Graeme Hamilton (pictured) is something of a guru of leisure underwriting: as of this year, he has an impressive quarter of a century of sector experience under his belt.
Currently head of Jackson Lee Underwriting’s leisure division, he previously led teams at Endsleigh, JLT and Canopius – so there isn’t much he doesn’t know about the sector.
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Insurance Business spoke to Hamilton about the diverse leisure market – which includes anything from caravans to fishing to photography – the biggest changes he has seen in his 25 years in the industry, and his dreams of playing for Newcastle United.
How did you get into insurance, and what was your journey to your current role?
Like a lot of graduates leaving university in the late 80s/early 90s, I applied for lots of different jobs. There weren’t a huge number of jobs around then, so just to get an interview was an achievement. I was fortunate enough to be enrolled on to a graduate trainee scheme at Endsleigh
Insurance, and have been in the industry ever since. I feel very fortunate to be marking my 25th year in insurance this year – it’s a fun and dynamic industry.
I specialised in leisure insurance early on when I joined a small family firm called Bakers of Cheltenham, who were later to be swallowed up like many others by Towergate. From Bakers, it was on to Jardine Insurance Brokers where I ran the direct touring and static caravan departments.
JIB became JLT, and I moved from Gloucester to Birmingham to manage their pet and travel insurance division before leaving them to set up my own business specialising in leisure insurance. An offer I couldn’t refuse materialised in 2012, and I sold that business and joined what was then called Canopius Insurance.
Canopius became Sompo Canopius and then Canopius again, during which time I had moved on, or should I say back, to JLT (Thistle Insurance). In April 2016 I moved to my current home at Jackson Lee Underwriting to head up the new leisure insurance division.
What do you enjoy about working within the leisure sector?
The beauty of leisure is its diversity. Since leaving Endsleigh
in 1993, my career has been entirely centred around leisure insurance. I have been involved in arranging insurance for travel, pets, caravans, classic cars, musical instruments, pedal cycles and events to name just a few.
There is always something new on the horizon. Last year it was drones, and looking forward I can see exciting opportunities arising out of the VNUK ruling, with motor risks cover for e-bikes for instance, looking like an increasingly likely requirement. I’m sure that the ongoing cyber revolution will also have an impact on the leisure sector, perhaps via the potential liabilities generated through gaming or apps.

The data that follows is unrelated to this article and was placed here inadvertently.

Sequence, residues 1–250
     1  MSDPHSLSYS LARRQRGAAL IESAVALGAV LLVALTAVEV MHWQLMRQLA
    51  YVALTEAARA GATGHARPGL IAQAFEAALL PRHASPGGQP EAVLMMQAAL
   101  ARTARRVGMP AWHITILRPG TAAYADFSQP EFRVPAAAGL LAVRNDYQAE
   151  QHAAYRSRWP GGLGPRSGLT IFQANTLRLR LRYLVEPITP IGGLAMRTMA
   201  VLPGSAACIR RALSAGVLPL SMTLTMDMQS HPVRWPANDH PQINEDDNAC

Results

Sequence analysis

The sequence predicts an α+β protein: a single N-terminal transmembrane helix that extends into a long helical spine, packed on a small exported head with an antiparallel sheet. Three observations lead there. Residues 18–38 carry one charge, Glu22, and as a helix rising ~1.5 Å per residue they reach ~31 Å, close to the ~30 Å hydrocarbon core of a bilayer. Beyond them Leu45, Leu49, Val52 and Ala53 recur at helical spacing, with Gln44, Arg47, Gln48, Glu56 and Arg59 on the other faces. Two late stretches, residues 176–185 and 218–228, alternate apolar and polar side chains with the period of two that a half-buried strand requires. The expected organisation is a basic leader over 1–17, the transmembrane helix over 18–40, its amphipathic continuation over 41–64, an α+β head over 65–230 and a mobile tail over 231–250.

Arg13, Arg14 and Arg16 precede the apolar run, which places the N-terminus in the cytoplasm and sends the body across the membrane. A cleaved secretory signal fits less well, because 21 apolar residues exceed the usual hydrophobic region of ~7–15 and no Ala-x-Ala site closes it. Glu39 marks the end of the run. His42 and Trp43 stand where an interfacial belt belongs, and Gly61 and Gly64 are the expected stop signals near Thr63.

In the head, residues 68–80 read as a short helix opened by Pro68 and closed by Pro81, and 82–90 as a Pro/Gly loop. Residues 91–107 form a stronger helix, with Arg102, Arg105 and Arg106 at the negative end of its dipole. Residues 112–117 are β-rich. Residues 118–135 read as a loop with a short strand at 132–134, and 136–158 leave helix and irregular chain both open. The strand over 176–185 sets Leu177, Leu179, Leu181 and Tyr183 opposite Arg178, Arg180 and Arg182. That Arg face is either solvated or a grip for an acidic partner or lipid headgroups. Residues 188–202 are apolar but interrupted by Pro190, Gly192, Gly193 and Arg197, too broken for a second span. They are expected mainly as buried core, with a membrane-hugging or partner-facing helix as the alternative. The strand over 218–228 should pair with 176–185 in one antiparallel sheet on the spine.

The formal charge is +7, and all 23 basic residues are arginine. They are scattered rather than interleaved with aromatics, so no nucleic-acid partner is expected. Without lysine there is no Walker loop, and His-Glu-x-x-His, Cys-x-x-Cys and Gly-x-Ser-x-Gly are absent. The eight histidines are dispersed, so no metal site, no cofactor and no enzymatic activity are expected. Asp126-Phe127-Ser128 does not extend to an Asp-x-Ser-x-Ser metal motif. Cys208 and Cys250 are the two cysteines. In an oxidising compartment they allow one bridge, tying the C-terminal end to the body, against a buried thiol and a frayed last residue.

As well as the diversity, leisure customers are also passionate about their possessions and understand the importance of and need for insurance, which is satisfying. It’s very different from motor and home insurance customers, who are often purchasing begrudgingly.
What are the most significant changes you have seen in the industry during your career?
With the growth of the internet insurance has now become a 24hr business. As well as offering a different way to transact business, the internet has also increased choice – which anyone like me who has done an economics degree will tell you, is definitely a good thing.
I have seen the emergence of the direct writers such as Direct Line, and remember once being told by a manager that I worked for in the early 90s that “they would never last – you can’t sustain a business at those prices.”
I have also seen the rise of aggregators, which has commoditised some lines and dumbed down insurance. As a result, customers seem to know less about insurance than they ever did. It’s a challenge brokers need to address – to understand their customers, their lifestyle, and match appropriate products to their needs – if they are to be successful in the future, and this represents a great opportunity.
What is the biggest challenge you have faced during your career?
I left JLT
in 2007 to set up my own business, which proved to be a challenge on a number of levels. From getting FCA approval, through to generating enquiries, dealing with staff, customers and the increasing bureaucracy, it all had its highs and lows. I sold my business in 2012, but when I think back to that time I can certainly sympathise with the small broker of today, who now has even more regulatory issues to deal with than I did back then.
What is your personal or professional goal for 2018?
My professional goal is to get more brokers to innovate by promoting leisure insurance, connecting with their customers and their lifestyle needs. Brokers’ competition is not just other brokers, it can be clubs, associations and other organisations. Leisure customers have insurance needs but may not be considering their broker for these solutions.
Brokers are in a great position to talk to customers about leisure insurance, especially if they already insure that customer’s car or home. If a car has a tow bar for instance, it could be because that customer also has a caravan. By finding out more about customers’ interests, a broker can ascertain whether the cover under their existing home insurance is sufficient to cover their bike, or fishing equipment. It’s a conversation worth having for a number of reasons: TCF for one, but retention for another – the more policies a customer has with a broker, then the less likely they are to go elsewhere.
“If I wasn’t in insurance, I would be…”
I would love to say ‘number nine’ for Newcastle United, but my lack of pace and footballing ability – evidenced at a very early age – meant that wasn’t going to be an option. I graduated with an economics degree, so I expect somewhere else in the financial sector, but after 25 fantastic years in leisure insurance, I honestly can’t imagine doing anything else!